The "Daily Minyan" was originally instituted by Rabbi Klein on January 4, 1954, though it was led exclusively by lay leaders of the congregation.[9] Temple Emanuel Sinai has continued the tradition of holding weekday services, though Mincha (afternoon prayers) and Maariv (evening prayers) are only read in the Salisbury Street sanctuary on Mondays at 5:45 PM. (The Tuesday evening service was discontinued by Temple Emanuel in 2012 and Wednesday and Thursday evening services were discontinued by Emanuel Sinai in early 2014.)


Regular Shabbat services are typically held Friday evenings at 7:00 and Saturday mornings at 10:30.

Temple Emanuel photo gallery[edit]

Temple Emanuel rabbinical leadership[edit]

Name Years Emeritus
Maurice Mazure 1923–1926
Julius Gordon 1926–1929
Levi Olan 1929–1948
Joseph Klein 1949–1977 1977–1996
Stanley Davids 1977–1986
Norman Mendel 1986–1991
Stuart W. Gershon (interim) 1991–1992
James L. Simon 1992–1998
Sigma F. Coran (interim) 1998–1999
Jordan Millstein 1999–2008
Ilene Bogosian (interim) 2008–2009
Matthew Berger 2009–2013

Temple Emanuel assistant/associate rabbis[edit]

Name Years Later Position
Alexander Schindler 1953–1959 President of the Union for Reform Judaism 1973–96
Daniel L. Kaplan 1959–1962 Senior Rabbi at Temple Beth Shalom, Needham, Massachusetts 1962–70
Leivy Smolar 1962–1965 President of Baltimore Hebrew University 1971–92[35]
David Davis 1965–1967 Rabbi Laureate at Congregation Ohabai Sholom (Nashville, Tennessee)
Henry A. Zoob 1967–1970 Rabbi Emeritus at Temple Beth David, Westwood, Massachusetts
Ira S. Youdovin 1970–1973 Executive Vice President of the Chicago Board of Rabbis
Harold S. Jaye 1973–1974 Rabbi at Temple B'nai Darom, Ocala, Florida 1987–present[36]
Peter Tarlow 1974–1977 Hillel Director, Texas A&M
David Sofian 1977–1980 Senior Rabbi at Temple Israel (Dayton, Ohio)
Steven A. Fox 1980–1982 Executive Vice-President, CCAR
Daniel L. Pernick 1982–1985 Senior Rabbi at Beth Am Temple, Pearl River, N.Y.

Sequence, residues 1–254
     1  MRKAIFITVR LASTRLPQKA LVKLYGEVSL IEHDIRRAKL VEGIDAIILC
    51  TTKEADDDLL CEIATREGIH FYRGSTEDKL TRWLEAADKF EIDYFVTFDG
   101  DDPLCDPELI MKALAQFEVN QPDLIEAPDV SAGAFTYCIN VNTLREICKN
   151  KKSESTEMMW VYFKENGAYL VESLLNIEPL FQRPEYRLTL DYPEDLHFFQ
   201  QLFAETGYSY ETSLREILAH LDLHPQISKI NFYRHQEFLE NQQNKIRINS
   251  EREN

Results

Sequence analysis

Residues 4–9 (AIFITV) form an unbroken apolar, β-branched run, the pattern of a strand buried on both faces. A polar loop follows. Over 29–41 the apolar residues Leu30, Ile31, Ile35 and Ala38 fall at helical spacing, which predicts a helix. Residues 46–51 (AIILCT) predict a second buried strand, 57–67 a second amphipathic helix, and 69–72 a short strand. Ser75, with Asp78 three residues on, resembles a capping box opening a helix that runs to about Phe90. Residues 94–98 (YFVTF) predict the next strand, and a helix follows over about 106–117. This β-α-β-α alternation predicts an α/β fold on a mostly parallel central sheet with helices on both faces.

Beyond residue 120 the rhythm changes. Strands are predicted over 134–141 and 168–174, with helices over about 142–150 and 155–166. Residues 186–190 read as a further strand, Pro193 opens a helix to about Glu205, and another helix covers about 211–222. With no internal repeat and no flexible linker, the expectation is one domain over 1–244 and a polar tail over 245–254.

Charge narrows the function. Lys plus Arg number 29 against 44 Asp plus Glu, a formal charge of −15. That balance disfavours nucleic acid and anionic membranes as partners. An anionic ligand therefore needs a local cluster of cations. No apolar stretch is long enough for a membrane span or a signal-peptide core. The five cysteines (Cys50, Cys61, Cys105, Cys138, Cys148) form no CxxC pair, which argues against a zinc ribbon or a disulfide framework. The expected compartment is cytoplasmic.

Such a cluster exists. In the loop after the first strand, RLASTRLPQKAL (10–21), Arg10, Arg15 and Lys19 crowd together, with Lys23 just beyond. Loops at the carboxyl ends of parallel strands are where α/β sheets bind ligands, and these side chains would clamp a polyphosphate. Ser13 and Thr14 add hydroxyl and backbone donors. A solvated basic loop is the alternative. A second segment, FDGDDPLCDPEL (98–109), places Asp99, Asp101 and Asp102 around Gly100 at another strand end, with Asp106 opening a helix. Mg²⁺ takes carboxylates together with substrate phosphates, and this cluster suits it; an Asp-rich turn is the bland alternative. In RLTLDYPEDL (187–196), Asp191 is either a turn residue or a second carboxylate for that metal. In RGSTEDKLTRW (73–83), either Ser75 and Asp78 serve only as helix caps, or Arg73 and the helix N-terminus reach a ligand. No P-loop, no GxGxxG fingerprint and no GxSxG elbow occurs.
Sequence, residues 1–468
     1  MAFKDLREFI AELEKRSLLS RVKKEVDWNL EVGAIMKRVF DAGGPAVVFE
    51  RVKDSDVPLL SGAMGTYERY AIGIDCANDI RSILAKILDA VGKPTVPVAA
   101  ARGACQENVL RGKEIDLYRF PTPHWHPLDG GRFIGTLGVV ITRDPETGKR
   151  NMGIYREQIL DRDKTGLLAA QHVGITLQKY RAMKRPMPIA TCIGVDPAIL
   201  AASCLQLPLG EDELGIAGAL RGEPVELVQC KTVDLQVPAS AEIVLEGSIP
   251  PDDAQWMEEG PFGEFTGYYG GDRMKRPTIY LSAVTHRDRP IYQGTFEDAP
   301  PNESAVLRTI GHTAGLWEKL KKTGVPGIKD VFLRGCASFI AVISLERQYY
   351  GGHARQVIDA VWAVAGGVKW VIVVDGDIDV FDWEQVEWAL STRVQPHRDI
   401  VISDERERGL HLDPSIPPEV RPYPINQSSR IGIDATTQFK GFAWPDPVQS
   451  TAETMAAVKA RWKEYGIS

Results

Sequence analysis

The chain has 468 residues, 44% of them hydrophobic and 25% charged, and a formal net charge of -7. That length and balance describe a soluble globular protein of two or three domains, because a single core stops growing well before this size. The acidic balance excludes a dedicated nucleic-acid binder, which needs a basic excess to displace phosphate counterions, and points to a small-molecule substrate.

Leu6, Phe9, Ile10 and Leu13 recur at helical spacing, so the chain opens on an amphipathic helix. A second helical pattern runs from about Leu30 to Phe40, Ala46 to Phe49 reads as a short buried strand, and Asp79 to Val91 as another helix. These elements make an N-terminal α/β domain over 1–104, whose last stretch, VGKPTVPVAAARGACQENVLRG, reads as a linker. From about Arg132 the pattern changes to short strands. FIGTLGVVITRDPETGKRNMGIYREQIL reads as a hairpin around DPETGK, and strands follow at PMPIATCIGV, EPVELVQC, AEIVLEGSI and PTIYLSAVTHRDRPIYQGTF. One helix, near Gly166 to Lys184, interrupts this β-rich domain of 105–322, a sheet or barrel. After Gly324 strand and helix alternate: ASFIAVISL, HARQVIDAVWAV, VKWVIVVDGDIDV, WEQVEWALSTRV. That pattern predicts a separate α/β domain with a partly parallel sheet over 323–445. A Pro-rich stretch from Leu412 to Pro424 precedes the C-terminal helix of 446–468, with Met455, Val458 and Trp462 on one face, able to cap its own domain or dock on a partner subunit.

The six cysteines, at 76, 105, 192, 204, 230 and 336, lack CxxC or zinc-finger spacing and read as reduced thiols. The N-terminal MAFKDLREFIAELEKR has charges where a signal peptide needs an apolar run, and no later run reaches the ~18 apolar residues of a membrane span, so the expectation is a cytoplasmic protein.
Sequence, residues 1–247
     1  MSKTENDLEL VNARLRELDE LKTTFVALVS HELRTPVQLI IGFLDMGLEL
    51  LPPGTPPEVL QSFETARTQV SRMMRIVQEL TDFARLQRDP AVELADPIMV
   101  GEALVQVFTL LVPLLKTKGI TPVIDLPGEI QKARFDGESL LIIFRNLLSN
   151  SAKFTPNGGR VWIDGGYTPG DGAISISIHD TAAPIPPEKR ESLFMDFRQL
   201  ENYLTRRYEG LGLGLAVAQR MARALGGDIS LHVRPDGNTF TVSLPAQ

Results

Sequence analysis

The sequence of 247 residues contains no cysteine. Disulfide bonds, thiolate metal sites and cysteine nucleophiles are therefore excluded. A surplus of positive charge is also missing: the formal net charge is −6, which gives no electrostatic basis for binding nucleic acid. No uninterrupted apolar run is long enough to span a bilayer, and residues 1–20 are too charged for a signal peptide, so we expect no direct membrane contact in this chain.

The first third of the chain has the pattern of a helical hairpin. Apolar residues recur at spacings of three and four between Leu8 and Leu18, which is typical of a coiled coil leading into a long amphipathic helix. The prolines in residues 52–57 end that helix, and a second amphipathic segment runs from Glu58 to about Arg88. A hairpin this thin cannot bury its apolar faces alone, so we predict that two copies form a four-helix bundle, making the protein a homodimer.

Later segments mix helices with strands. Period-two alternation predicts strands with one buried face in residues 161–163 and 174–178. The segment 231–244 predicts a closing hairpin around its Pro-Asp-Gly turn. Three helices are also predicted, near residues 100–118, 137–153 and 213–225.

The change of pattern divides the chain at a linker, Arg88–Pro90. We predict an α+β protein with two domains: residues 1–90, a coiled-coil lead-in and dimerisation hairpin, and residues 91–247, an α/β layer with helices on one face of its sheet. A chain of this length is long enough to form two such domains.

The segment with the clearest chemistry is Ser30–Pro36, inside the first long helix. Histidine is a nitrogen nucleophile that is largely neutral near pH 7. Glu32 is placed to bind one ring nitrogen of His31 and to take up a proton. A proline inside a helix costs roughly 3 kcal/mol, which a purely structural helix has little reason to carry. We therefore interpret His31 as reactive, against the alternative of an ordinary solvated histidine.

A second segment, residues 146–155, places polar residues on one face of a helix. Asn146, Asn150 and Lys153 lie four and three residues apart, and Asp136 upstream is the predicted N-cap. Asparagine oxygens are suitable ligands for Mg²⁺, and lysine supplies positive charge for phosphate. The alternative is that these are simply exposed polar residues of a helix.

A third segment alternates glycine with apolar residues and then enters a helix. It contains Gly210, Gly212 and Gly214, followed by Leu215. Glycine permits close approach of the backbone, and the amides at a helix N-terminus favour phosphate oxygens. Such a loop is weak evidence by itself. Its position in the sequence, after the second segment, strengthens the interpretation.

Alan M. Ullman 1985–1988 Founder of the School for Jewish Studies
Janice Garfunkel 1988–1989 Rabbi at Temple Sholom (Springfield, Ohio) 2004–10[37]
Stuart W. Gershon 1989–1994 Rabbi at Temple Sinai, Summit, New Jersey
Sigma F. Coran 1994–1999 Senior Rabbi at K.K. Bene Israel / Rockdale Temple, Cincinnati, Ohio
  • Stuart W. Gershon served as Interim Senior Rabbi 1991–1992.
  • Sigma F. Coran served as Interim Senior Rabbi 1998–1999.

Temple Emanuel auxiliary rabbis[edit]

Due to a decline in membership, Temple Emanuel's full-time assistant rabbi position was eliminated in June 1998. From that time through June 2009, the Temple was served by one full-time Rabbi with the assistance of a part-time Auxiliary Rabbi (or 2002–2004, a full-time cantor). From 2009 to 2013, all pastoral duties were performed by the Rabbi.

Name Years Later Position
Howard A. Berman 1998–1999 Founding Rabbi of Central Reform Temple, formerly known as Boston Jewish Spirit
Paula L. Feldstein 1999–2002 Shalom Baby Coordinator, Synagogue Leadership Initiative, UJA Federation of Northern New Jersey
Dennis Ross 2004–2009 Author; Director of Concerned Clergy for Choice
  • During 2002–2004, Cantor Sally Neff assisted in performance of pastoral duties.

Temple Emanuel cantorial leadership[edit]

Name Years
Hugo Chaim Adler 1939–1955[38]
Joseph Gottlieb 1955–1978[39]
Howard Tabaknek 1978–1982
Sheri Blum 1982–1994[40]
Betsey Peters-Epstein 1994–2002
Sally Neff 2002–2004
Daniel Mutlu 2004–2008
Sharon Brown Goldstein 2009–2013

Temple Sinai history[edit]

111 Elm Street (1957–1962)
661 Salisbury Street (1962–2013)
661 Salisbury Street (1980–2013)

Temple Sinai held services for its first 5 years (1957 to 1962) at the Worcester Jewish Community Center, which had moved in 1951 to Temple Emanuel's old building at 111 Elm Street. In 1962, Sinai moved to a 42-acre estate the congregation had purchased at 661 Salisbury Street, holding services and religious school in a large mansion.[41] In 1980, the congregation opened its first purpose-built synagogue on the site, keeping the mansion intact for offices and religious school use. The Jewish Community Center, also outgrowing the facility on Elm Street, built on land next door at 633 Salisbury Street and moved in 1967.[42]

Temple Sinai at first embraced many of the customs of "Classical" Reform Judaism that Temple Emanuel did not practice. For example, Sinai members shed traditional religious garments like Kippot (skullcaps) and Tallitot (prayer shawls), though those customs returned over the years.[43]